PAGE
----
Getting The Most Out Of Your Firewood
There is a TV station in our area that has a very unique broadcast once each year. It happens on Christmas day. The special event is pre-recorded so that everyone at the station can take the day off. Believe it or not, it’s nothing more than a continuous recording of a stack of logs burning in an open fireplace. The station advertised what it was going to do several weeks in advance. When we first heard about the event it caused us to laugh a little – OK a lot! What a nutty idea we thought. But then, on Christmas day – as we were furiously flipping through the channels – there it was. A beautiful brick fireplace filled with flaming logs. Simple, yet elegant. Holiday music accompanied the picture underscoring the event with notes of welcomed cheer. How nice. Isn’t it amazing how we can be so easily mesmerized by a crackling fire, a bird chirping, a soft breeze or a wave gently breaking on the shore?
As we discovered, a recording of such an event can be pleasant – at least. But even better than watching someone else’s fireplace is having your own. And there are ways to insure that your fires are fun to watch, safe – and best of all – cost effective. Here’s how!
On average, most folks burn between one-half and one-and-a-half cords of firewood each year. By the way, a cord of wood is a TIGHTLY PACKED stack of wood that measures 4-feet by 4-feet by 8-feet.
Here are a couple of tips that can help you to save money when purchasing firewood:
- Purchase hardwoods. They burn longer, hotter and cleaner than soft woods.
- If you can, eliminate delivery costs by loading and packing the wood yourself. Is there a strong teenager in your house? How about your neighborhood?
- If you have the storage space in your yard you may want to purchase green wood and season (dry) it yourself. Wood that has been seasoned for a period of one to three years works well. However, burning efficiency improves as seasoning time increases.
TIP: Split logs season faster than whole ones.
It may interest you to know that if there is a forest near your home you may be able to get a permit to cut your own firewood – practically for free. We have done this a couple of times and it is really exciting.
When you get the wood home there are a couple of things that you will want to keep in mind:
- Store the firewood in a covered area to prevent it from getting wet.
- Stack the firewood loosely so that air will easily pass through the pile.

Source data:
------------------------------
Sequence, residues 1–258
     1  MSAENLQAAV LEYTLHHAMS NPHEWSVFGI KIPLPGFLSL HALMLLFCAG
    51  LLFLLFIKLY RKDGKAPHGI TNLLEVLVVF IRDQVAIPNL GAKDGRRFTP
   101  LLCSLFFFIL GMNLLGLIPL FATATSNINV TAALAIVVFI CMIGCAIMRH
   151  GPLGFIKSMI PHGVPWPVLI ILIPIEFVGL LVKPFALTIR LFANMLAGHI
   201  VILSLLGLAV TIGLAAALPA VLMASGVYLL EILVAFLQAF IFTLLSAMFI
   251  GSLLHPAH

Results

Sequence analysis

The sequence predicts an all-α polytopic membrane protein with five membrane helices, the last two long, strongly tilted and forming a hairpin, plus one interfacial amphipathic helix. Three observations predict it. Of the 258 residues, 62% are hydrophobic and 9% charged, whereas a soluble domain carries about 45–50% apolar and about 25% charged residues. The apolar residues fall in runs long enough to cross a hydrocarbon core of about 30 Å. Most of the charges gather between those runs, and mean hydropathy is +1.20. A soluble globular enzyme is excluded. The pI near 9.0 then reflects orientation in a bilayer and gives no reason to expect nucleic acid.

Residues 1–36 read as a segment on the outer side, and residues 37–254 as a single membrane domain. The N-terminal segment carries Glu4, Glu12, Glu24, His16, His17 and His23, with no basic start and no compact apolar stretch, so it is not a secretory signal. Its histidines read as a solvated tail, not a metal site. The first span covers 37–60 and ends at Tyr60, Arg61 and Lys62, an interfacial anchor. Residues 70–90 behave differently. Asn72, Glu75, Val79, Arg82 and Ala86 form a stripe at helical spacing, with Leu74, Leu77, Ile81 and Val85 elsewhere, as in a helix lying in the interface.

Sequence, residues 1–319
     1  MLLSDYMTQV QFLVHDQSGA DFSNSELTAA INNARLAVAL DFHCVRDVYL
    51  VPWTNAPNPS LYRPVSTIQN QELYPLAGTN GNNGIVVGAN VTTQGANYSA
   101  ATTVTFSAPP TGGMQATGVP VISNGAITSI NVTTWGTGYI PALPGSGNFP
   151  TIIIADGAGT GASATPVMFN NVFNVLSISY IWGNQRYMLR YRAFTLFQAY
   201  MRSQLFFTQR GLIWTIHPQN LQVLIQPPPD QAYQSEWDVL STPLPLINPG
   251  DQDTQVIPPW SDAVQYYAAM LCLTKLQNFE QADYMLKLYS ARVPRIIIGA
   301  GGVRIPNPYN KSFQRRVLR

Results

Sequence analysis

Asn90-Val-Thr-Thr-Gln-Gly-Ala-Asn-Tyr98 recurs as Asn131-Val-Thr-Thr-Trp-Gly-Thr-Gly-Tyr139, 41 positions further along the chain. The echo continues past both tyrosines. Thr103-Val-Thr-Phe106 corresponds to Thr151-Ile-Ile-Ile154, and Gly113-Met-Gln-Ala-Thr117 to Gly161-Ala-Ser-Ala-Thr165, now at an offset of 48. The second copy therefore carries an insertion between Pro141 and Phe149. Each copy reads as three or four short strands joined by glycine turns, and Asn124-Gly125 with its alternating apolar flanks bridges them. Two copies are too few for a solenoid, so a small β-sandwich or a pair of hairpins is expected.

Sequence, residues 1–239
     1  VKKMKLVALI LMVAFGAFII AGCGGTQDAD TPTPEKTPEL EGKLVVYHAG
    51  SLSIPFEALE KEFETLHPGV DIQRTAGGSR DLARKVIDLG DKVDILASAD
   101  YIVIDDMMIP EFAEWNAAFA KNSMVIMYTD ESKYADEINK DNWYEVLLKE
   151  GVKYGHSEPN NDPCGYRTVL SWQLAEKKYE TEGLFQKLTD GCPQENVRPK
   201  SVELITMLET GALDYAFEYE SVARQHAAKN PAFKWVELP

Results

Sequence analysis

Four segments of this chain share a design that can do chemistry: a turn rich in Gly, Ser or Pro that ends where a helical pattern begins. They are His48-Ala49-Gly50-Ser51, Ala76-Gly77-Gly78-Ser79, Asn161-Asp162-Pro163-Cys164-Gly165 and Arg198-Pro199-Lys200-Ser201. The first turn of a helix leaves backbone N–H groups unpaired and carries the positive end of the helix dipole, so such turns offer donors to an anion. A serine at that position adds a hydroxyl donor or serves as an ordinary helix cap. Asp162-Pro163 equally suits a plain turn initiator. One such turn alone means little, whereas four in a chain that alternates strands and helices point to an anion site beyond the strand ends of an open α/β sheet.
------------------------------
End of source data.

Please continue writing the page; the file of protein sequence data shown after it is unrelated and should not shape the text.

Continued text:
- Stack the firewood away from your house. You can be sure that insects will immediately take up residence there. Stacking the wood away from your house will prevent these unwanted critters from having easy – and hidden – access into your home.
CAUTION: It is extremely important to remember to have your chimney cleaned and inspected annually or after burning one cord of wood – whichever comes first.
You may not realize it, but burning firewood produces air pollution. Yep, just like cars and factories. Hey, smoke is smoke. So, being responsible about what and how you burn can make a big difference to your family, your neighbors and the environment. Here are a few more tips on how to enjoy a warmer and safer fire.
- Never burn green firewood in your fireplace. Green firewood generates more creosote than cured firewood. Creosote sticks to the lining if your chimney. It is flammable and can become explosive if left unchecked.
- Never burn treated lumber. Treated lumber contains poisonous pesticides that become airborne when burned. This could be deadly if you “do inhale”.
- Never burn trash, paper or cardboard in your fireplace. Their floating embers can cause a fire in your home, on your home or at a neighbor’s home. Some trash can burn very hot and cause your fireplace to crack.
- Never burn coal in your fireplace. It emits dangerous chemicals and it often can burn so hot that it can cause the bricks in your fireplace to crack.
- Don’t make a really large fire. Small hot fires produce maximum combustion and minimum pollution.
- Don’t use flammable liquids to start your fire. They are dangerous to use inside the home because they pose the threat of explosion. Also, many flammable liquids will cause the fire to smolder, thus contributing to pollution. Use scraps of paper and kindling for best results.
As soon as you’ve gotten your kindling going, twist together several pieces of paper in the shape of a hot dog. Light one end and hold the flaming paper as near the damper as possible. The small amount of hot air created will cause an air siphon in the chimney and help to prevent smoke from flowing into your home.
Use to large logs with a third smaller log placed between and atop them. The pyramid shaped stack will cause a natural draft that will produce a more efficient fire.
Finally, don’t let embers and ash build-up. They can prevent effective combustion by impairing the free flow of air. Take care of your fireplace and it will take care of you – and for less money too. And, good luck!
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